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Aug 7inHacks'n'Tips

How To Do Time Dilation Like a Pro

Time dilation comes in two exciting flavours. First is the psychological sensation of time stretching out though the world begins to operate in slow motion (while you continue to move and think at the same speed as before).

The second is a phenomenon in physics whereby time itself (and not merely our perception of it) changes.

[Before you read the rest of this article, if you have a stopwatch or even a clock nearby (tip: you probably have one on the device which you’re using to read this), time yourself. At the end of the article, DON’T look at your timer right away. Instead, write down how much time you think had passed, and then compare it to the actual time.]

Einstein predicted that as you accelerate towards the speed of light, time begins to slow down for you. At the kinds of speed to which we're used to travelling on Earth, this effect is so small that it can be practically ignored. However, as bodies get closer to light speed, it starts to become really quite important.

Don't worry though, we're not going to be thinking about the physics kind here. Instead we'll focus on the first ...the psychological.

Among victims of accidents, crime, or wars, there is a commonly reported feeling of "time slowing down" during life-threatening moments. Eager to acquire a better understanding of this feeling, and what it might mean, David Eagleman set up an experiment whereby volunteers were dropped from a 150ft-high platform onto a safety net. During the fall, they were shown a number for a very small period of time (it was quickly "flashed" before them on a small digital display).

Eagleman thought that the feeling of peril induced by the drop might kick their brains into a higher gear, whereby their perception of time was altered. The experimenters wondered if subjects would be able to read the number after being exposed to it for less time than they would normally require to register the image.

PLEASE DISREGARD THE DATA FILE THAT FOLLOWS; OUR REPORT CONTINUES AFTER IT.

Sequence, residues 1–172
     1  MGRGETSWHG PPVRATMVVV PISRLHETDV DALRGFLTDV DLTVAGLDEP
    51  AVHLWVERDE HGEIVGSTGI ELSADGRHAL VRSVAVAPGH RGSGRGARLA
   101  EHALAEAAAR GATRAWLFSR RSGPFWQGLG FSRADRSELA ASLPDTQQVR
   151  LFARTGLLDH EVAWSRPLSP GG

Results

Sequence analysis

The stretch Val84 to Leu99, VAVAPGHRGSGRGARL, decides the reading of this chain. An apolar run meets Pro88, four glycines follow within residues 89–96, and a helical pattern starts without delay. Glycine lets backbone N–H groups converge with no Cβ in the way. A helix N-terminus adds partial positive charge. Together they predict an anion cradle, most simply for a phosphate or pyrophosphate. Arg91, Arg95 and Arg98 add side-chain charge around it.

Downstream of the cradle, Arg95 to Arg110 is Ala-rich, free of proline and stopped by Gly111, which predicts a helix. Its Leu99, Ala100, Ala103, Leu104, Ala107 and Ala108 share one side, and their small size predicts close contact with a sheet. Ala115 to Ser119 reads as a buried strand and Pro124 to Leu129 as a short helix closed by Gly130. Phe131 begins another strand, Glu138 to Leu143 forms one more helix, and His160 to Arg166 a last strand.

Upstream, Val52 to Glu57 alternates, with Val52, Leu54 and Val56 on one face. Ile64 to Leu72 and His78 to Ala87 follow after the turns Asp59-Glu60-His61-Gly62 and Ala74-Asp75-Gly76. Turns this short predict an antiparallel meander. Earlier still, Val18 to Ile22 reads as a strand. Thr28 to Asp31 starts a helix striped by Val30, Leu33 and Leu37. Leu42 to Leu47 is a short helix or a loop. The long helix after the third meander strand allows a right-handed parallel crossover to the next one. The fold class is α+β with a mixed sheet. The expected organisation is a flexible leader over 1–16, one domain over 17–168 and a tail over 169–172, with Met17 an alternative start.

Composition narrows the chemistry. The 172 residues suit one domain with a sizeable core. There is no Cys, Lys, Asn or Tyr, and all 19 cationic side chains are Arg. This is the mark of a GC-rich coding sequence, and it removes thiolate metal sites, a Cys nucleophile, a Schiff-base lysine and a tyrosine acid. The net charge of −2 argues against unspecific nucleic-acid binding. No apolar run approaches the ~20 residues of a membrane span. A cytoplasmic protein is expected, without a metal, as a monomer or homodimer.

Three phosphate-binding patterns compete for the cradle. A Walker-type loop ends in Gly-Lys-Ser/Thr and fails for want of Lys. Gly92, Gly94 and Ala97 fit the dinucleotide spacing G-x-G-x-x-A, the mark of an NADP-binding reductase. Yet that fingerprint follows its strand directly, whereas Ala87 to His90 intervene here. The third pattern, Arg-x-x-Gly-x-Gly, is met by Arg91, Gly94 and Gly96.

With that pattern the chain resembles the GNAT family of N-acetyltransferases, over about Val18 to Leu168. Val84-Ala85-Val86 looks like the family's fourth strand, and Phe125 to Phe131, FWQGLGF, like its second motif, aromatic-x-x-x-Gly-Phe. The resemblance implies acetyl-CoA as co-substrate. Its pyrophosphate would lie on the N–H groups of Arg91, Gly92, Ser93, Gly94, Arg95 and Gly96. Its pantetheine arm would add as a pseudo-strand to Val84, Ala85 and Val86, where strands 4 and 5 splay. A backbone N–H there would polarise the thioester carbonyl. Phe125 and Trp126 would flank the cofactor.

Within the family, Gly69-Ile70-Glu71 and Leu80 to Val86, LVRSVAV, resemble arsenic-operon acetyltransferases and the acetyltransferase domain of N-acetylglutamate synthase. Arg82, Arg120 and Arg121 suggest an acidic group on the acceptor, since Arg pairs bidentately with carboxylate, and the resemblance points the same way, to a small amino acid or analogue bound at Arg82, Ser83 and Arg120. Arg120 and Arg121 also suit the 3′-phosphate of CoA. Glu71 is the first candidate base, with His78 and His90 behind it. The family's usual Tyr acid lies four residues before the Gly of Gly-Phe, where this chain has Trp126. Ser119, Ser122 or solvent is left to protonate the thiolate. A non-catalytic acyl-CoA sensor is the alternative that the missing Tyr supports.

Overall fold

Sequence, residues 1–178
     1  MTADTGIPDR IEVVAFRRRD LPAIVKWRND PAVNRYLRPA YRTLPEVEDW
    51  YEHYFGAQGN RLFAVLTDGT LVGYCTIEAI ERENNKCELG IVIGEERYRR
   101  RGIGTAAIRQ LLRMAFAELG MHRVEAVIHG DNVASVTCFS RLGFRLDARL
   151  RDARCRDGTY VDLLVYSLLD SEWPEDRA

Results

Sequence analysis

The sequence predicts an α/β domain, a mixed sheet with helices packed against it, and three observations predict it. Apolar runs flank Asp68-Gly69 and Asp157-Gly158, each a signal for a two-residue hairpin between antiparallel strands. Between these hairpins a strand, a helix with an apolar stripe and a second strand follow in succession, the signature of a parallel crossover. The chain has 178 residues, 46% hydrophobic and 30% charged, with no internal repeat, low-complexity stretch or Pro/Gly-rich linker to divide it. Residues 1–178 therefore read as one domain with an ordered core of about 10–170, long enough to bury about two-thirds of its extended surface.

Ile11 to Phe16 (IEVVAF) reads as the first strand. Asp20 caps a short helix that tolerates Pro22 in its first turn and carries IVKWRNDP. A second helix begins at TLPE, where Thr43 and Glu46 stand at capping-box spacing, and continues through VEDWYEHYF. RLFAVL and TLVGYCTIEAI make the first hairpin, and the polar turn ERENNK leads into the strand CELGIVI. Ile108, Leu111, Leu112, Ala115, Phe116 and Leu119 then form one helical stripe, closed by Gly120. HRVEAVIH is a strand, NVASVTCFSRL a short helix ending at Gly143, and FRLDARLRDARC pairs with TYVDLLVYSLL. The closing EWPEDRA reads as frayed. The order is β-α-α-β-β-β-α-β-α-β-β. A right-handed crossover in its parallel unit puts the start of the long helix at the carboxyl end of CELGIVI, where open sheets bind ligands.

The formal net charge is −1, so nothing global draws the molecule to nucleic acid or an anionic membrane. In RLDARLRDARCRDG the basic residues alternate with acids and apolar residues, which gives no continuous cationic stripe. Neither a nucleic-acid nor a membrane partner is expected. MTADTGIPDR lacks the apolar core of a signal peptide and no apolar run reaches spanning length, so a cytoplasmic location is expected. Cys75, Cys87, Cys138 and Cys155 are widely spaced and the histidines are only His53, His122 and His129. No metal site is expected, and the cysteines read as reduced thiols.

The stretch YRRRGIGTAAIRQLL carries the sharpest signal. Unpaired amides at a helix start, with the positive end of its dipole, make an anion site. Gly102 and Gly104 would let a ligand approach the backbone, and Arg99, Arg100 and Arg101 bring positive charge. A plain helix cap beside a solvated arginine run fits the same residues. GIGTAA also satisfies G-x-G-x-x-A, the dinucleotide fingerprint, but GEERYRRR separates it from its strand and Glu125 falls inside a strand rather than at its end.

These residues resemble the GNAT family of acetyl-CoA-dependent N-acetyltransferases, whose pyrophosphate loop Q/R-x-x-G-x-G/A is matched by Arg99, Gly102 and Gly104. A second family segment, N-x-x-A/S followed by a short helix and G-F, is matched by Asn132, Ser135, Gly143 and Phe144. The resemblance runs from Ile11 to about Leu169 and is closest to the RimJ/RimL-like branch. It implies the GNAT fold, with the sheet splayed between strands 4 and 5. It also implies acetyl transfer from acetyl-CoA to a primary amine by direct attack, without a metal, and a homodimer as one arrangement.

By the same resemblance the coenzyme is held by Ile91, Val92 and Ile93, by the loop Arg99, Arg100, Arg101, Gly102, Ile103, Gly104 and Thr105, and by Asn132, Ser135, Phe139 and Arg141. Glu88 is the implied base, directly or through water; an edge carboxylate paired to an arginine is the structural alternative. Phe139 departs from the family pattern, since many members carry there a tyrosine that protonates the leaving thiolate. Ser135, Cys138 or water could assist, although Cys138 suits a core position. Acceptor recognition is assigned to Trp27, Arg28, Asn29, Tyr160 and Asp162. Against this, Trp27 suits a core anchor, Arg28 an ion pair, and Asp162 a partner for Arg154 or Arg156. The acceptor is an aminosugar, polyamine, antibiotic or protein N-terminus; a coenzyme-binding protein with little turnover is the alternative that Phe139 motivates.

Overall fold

Although the fall lasted only 2,6 seconds. Most of the subjects reported it as lasting longer than 4 seconds. So, right away we have what appears to be evidence supporting the idea that subjects experienced the psychological sensation of time slowing down.

Neuroscientist Peter Tse, is aware of just how, when we consider our evolutionary history, we should really expect to encounter some sort of mechanism for responding to danger with a momentarily heightened amount of brain activity.

Although, contrary to what was expected, subjects could not generally recognise numbers faster while falling through the air, one of Eagleman's earlier studies had really quite incredible results...

In his lab game, named “Nine Square,” nine blue squares are arranged like a noughts and crosses board. After some time, one of the squares turns green. The subject playing the game has to click on the green square. To begin with, the square always moves to the next position exactly 200 milliseconds after the subject clicks the mouse. After some time though, this rate becomes random, and when the green square moves faster than before, it feels to the subject as though it has jumped before they clicked on it! 

Eagleman explains that this happens due to the brain's tendency to always be calibrating duration. He says “If every time you flip on the lights there is a 200-millisecond delay, your brain recognizes the pattern and edits out the delay. Flip the switch, and the lights seem to turn on instantaneously. But if you moved to a funky house where the lights really did come on instantaneously, it would appear that they came on before you flipped the switch. Your brain is temporarily stuck on the old pattern.”

While having people play Nine Square, Eagleman took brain scans using an MRI scanner, and so we know what was going on in their brains as they played. An area of the brain known as the "anterior cingulate cortex" is understood to activate only when different parts of the brain do not agree with one another. The MRI scans revealed that this area was in fact active as subjects played the game. Eagleman has ended up taking from this the idea that our minds have at least two clocks running together, one of which has the job of keeping a sort of general overall perception of time for us, while the other while the other in a way runs around after it tidying up little mistakes here and there.

OK, so you can write down how much time you think just passed, then check your timer. Please let us know if there was any difference. If so, was it big or small, and did time seem to pass quickly or slowly?

The comments box is hungry. :)